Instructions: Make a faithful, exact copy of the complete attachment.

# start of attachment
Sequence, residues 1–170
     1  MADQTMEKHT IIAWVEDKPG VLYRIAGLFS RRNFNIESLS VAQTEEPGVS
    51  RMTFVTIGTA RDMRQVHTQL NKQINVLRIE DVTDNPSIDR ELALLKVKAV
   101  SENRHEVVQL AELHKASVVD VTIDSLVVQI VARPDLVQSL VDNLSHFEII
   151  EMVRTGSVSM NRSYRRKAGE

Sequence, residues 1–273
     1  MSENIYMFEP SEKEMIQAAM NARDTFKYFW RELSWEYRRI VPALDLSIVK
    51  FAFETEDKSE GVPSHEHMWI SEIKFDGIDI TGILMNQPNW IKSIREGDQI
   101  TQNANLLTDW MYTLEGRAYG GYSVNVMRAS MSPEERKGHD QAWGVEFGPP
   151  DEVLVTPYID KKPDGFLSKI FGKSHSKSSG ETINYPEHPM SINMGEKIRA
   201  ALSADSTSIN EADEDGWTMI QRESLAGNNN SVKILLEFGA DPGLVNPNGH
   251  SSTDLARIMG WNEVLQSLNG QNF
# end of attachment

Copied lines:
Sequence, residues 1–170
     1  MADQTMEKHT IIAWVEDKPG VLYRIAGLFS RRNFNIESLS VAQTEEPGVS
    51  RMTFVTIGTA RDMRQVHTQL NKQINVLRIE DVTDNPSIDR ELALLKVKAV
   101  SENRHEVVQL AELHKASVVD VTIDSLVVQI VARPDLVQSL VDNLSHFEII
   151  EMVRTGSVSM NRSYRRKAGE

Sequence, residues 1–273
     1  MSENIYMFEP SEKEMIQAAM NARDTFKYFW RELSWEYRRI VPALDLSIVK
    51  FAFETEDKSE GVPSHEHMWI SEIKFDGIDI TGILMNQPNW IKSIREGDQI
   101  TQNANLLTDW MYTLEGRAYG GYSVNVMRAS MSPEERKGHD QAWGVEFGPP
   151  DEVLVTPYID KKPDGFLSKI FGKSHSKSSG ETINYPEHPM SINMGEKIRA
   201  ALSADSTSIN EADEDGWTMI QRESLAGNNN SVKILLEFGA DPGLVNPNGH
   251  SSTDLARIMG WNEVLQSLNG QNF